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Fall TV Preview

Fall TV Preview: From 'Sleepy Hollow' to 'Ravenswood' to 'Atlantis'

There's 'Mom,' 'Dads,' a 'Trophy Wife,' 'The Birthday Boys,' 'The Capones.' Here are quick looks at new fall TV season shows.

September 13, 2013|By Robert Lloyd, Los Angeles Times Television Critic
  • Disney Channel's new animated comedy-adventure series "Wander Over Yonder," features the voice of Jack McBrayer.
Disney Channel's new animated comedy-adventure series "Wander… (Disney Channel )

The Fall Season is here, people. And though premieres will happen up and down what is still anachronistically called a dial, the season remains mainly the domain of the broadcast networks — which seem bent for the moment not on aping cable TV, as many think they should, but rather distinguishing themselves from it. By getting classic.

Which is not necessarily to say good — though not necessarily to say bad, either.


FOR THE RECORD:
Fall TV preview: A capsule description of the new DirecTV drama "Full Circle" in the Sept. 15 Calendar II section said that the show would debut Oct. 10. It will debut Oct. 9. —

There are, for one thing, a lot of family comedies this year, albeit with a fair bit of dysfunction and kids talking about breasts (and stuff). (Teenage pregnancy is also alive and well in the 2013-14 season.) Michael J. Fox, Robin Williams and Kirstie Alley, stars of 20th century situation comedy, are back. Three-camera comedies continue to hold their own. Warming hearts is the order of the day.

WATCH: Fall 2013 TV trailers

As usual, there are uncanny resonances among the new series — call it spooky entanglement at a distance. (If you want to be quantum about it.) There are two series in which parents move in with their adult children and one in which an adult child (with a child) moves back in with her parent; two series in which young women who like to party marry older men who sort of remember they did, too, once, inheriting three children in the bargain; three shows in which figures from literature are recast as heroes in an ancient struggle between good and evil; two buddy-cop shows with fantastic elements. Elsewhere, the legacy of "The Bad News Bears" continues not to exhaust itself.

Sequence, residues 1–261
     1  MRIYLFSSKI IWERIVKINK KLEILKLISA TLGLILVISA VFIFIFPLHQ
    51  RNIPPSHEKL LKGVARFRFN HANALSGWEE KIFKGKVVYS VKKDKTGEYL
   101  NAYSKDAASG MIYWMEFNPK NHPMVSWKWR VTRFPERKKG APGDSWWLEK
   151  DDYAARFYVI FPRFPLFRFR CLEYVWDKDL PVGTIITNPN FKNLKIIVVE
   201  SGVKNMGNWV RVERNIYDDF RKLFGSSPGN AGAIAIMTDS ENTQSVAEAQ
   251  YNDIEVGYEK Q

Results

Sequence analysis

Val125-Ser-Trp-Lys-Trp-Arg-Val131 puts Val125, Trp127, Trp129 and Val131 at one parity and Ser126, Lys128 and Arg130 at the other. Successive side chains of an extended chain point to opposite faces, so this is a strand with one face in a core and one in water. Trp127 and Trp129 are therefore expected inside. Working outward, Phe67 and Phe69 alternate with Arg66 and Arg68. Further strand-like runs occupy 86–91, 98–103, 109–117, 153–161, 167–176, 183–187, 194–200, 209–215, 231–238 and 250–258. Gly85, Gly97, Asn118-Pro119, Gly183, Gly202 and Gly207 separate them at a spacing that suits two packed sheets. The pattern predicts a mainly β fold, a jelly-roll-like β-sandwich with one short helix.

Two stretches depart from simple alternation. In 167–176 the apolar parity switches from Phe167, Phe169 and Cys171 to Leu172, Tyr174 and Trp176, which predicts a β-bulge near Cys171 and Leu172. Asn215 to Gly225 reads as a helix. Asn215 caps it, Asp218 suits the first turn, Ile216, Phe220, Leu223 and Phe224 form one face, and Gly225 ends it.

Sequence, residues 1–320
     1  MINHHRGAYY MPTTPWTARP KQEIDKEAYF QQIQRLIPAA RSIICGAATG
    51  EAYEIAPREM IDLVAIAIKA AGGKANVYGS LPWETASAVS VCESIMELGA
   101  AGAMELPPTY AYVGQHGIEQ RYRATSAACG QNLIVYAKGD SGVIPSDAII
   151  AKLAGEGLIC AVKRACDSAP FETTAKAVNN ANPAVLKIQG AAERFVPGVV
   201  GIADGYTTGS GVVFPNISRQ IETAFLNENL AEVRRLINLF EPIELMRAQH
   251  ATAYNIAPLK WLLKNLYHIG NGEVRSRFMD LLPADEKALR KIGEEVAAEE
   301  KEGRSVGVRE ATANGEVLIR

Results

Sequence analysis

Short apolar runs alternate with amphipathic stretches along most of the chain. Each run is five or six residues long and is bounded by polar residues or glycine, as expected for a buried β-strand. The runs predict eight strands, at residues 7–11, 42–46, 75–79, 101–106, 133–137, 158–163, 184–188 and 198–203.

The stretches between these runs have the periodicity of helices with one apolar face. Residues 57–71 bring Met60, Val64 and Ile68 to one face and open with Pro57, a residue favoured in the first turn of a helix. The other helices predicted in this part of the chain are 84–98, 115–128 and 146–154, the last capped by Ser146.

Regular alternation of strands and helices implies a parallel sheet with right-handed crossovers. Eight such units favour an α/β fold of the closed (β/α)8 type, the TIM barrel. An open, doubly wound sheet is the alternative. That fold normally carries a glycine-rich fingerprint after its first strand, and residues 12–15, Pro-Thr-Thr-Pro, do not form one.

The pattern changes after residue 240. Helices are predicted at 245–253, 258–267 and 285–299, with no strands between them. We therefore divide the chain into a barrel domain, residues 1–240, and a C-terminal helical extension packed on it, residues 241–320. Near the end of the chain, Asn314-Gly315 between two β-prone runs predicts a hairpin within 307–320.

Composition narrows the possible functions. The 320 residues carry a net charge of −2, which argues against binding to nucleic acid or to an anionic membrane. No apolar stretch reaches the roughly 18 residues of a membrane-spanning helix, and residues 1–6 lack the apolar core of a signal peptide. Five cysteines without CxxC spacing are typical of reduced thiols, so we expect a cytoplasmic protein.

If you are sane, or wish to remain so, you will not attempt to watch all or even most of them. Here is your seasonal guide through the thicket. Check out our interactive timeline with videos, or continue below for the text listings.

Already in progress

"Six Little McGhees" (OWN). Sextuplets.

"Last Tango in Halifax" (PBS). Seventysomethings Derek Jacobi and Ann Reid take the road previously not taken and find belated love in picturesque Yorkshire. Facebook did it! Sweet, smart.

"Derek" (Netflix). Ricky Gervais' sometimes vexing, more often moving meditation on usefulness, set in a nursing home. Kerry Godliman, as the woman who runs the place, does the heavy lifting, but Gervais producer-stooge Karl Pilkington also acquits himself well. "It's more important to be kind than clever," says Derek (Gervais), stating a theme.

"Wander Over Yonder" (Disney Channel). Jack McBrayer of "30 Rock" voices the lead, a kind of hillbilly alien, in a new cartoon from Craig McCracken ("The Powerpuff Girls"). Think Kenneth in Space, without the darkness. (The darkness of Kenneth, I mean, not of space.)

Sunday, Sept. 15

"Liv and Maddie" (Disney Channel). Dove Cameron plays teenage twin sisters. This being Disney, one of them is famous.

Monday, Sept. 16

"Sleepy Hollow" (Fox). Washington Irving's tale of country superstition gets a shot of steroids and whatever that juice is they keep around the production office, transforming credulous schoolteacher Ichabod Crane (Tom Mison) into a Revolutionary War secret agent, Rip Van Winkled into the 21st century in pursuit of the headless horseman, whose name is now Death and whose horse is now pale. Nicole Beharie is the cop who'll be his buddy.

Tuesday, Sept. 17

"Brooklyn Nine-Nine" (Fox). Andy Samberg is the designated wiseacre super-sleuth ("the only puzzle he hasn't solved is how to grow up") in this motley-crewed, multicultural police comedy. As the new, button-down captain, Andre Braugher classes up the joint, but he can't help that.

"Dads" (Fox). Difficult fathers Martin Mull and Peter Riegert move in with disgruntled sons Seth Green and Giovanni Ribisi. The elders' less enlightened laugh lines in this Seth MacFarlane-produced series were the occasion of a critical dog pile at this summer's TCA press tour, which seemed to miss a point. Still, it's as if someone here thought that the problem with "S#*! My Dad Says" was that there wasn't two of everybody.

"The New Atlanta" (Bravo). "Real" young money-seekers of the South, mixed up in fashion, business, music and "event planning." And still they find time to go out at night and drink doubtlessly expensive cocktails. And probably have sex, and sometimes feel sad, and argue.

Friday, Sept. 20

"Great Performances: The Hollow Crown" (PBS). Four Shakespeare history plays, in order of succession: "Richard II," "Henry IV Parts I & II" and "Henry V." With Ben Whishaw, Rory Kinnear, Tom Hiddleston, Jeremy Irons, Simon Russell Beale, Michelle Dockery, David Suchet, Patrick Stewart, James Purefoy, John Hurt. Someone deserves a thank-you.

Monday, Sept. 23

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